Italy, Rome, Arch of Constantine397 viewscommemorate Constantine I's victory over Maxentius
built in 315
inscription:
IMP · CAES · FL · CONSTANTINO · MAXIMO · P · F · AVGUSTO · S · P · Q · R · QVOD · INSTINCTV · DIVINITATIS · MENTIS · MAGNITVDINE · CVM · EXERCITV · SVO · TAM · DE · TYRANNO · QVAM · DE · OMNI · EIVS · FACTIONE · VNO · TEMPORE · IVSTIS · REM-PVBLICAM · VLTVS · EST · ARMIS · ARCVM · TRIVMPHIS · INSIGNEM · DICAVIT
1 commentsJohny SYSEL09/13/12 at 17:36neander: Romantic night view!
IMG_1319wp.jpg
Italy, Rome, Arch of Septimius Severus319 viewsbuilt in 203 AD to commemorate the Parthian victories1 commentsJohny SYSEL09/13/12 at 17:32neander: Right! Spirit of my favorite emperor!
IMG_1034q.JPG
Italy, Rome, Temple of Antoninus and Faustina232 viewsTemple was build in 141 AD and dedicated to Faustina. In 161 temple was re-dedicated jointly to Antoninus and Faustina.
Temple was converted to a church, known as San Lorenzo in Miranda.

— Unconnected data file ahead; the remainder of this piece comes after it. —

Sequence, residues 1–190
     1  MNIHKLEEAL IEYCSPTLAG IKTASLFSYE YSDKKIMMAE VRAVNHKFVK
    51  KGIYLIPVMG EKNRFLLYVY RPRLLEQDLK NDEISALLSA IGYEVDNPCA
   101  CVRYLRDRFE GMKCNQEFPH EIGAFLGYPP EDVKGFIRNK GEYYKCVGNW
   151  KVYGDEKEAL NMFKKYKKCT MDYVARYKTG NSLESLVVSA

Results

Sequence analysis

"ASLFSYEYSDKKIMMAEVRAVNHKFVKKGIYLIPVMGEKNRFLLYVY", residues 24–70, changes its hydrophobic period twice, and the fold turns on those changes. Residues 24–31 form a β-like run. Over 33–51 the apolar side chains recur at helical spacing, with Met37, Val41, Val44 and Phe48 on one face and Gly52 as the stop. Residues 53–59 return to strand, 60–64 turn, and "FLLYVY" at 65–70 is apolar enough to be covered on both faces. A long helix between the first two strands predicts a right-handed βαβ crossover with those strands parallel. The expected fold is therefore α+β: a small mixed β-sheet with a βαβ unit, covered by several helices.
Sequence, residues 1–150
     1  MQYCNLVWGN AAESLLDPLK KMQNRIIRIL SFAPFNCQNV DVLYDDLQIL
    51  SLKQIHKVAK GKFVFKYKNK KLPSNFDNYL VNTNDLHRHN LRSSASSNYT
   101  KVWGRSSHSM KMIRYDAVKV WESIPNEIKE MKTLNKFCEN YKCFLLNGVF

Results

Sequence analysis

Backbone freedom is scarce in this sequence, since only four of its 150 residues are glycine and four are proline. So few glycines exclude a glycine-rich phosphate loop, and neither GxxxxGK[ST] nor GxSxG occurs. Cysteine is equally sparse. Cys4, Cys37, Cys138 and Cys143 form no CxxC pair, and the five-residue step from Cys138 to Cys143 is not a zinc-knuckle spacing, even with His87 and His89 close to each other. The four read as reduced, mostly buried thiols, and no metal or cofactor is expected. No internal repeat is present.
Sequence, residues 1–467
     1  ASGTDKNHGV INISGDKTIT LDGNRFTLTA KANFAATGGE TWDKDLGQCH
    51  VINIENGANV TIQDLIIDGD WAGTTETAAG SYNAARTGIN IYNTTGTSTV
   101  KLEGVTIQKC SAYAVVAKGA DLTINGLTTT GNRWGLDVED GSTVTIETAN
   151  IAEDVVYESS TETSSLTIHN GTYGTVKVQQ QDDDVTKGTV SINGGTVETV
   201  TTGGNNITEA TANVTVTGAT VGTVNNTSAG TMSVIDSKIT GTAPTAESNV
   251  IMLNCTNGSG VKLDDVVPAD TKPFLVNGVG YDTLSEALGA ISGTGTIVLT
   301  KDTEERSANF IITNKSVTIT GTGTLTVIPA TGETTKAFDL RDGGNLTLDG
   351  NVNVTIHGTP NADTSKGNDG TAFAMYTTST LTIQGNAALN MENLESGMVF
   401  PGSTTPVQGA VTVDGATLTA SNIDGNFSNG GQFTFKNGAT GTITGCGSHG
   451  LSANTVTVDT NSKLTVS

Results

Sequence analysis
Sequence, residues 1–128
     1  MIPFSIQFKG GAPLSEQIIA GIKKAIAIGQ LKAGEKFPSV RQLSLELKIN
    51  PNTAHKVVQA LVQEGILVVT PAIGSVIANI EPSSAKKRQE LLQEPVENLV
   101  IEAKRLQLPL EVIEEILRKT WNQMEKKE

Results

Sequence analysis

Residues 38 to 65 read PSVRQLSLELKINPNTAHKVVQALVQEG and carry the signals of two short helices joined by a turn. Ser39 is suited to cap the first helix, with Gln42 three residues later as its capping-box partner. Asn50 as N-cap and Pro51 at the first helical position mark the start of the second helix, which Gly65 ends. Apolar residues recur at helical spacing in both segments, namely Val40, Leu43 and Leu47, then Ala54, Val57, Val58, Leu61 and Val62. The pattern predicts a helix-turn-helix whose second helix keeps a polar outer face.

1 commentsJohny SYSEL09/13/12 at 17:22neander: Magnificient!
01_IMG_0860q.JPG
Italy, Rome, Arch of Constantine with Colosseum in the background489 views2 commentsJohny SYSEL09/02/12 at 15:32Viriathus: Great photo!
Aqueduct_Segovia_s.png
Spain, Segovia - Aqueduct260 views2 commentsViriathus09/02/12 at 03:55SPQR Coins: Beautiful photograph!
DSC00767.jpg
Greece, Delphi - The Charioteer of Delphi281 viewsThe life-size statue of a chariot driver was found in 1896 at the Sanctuary of Apollo in Delphi. It is now in the Delphi Archaeological Museum.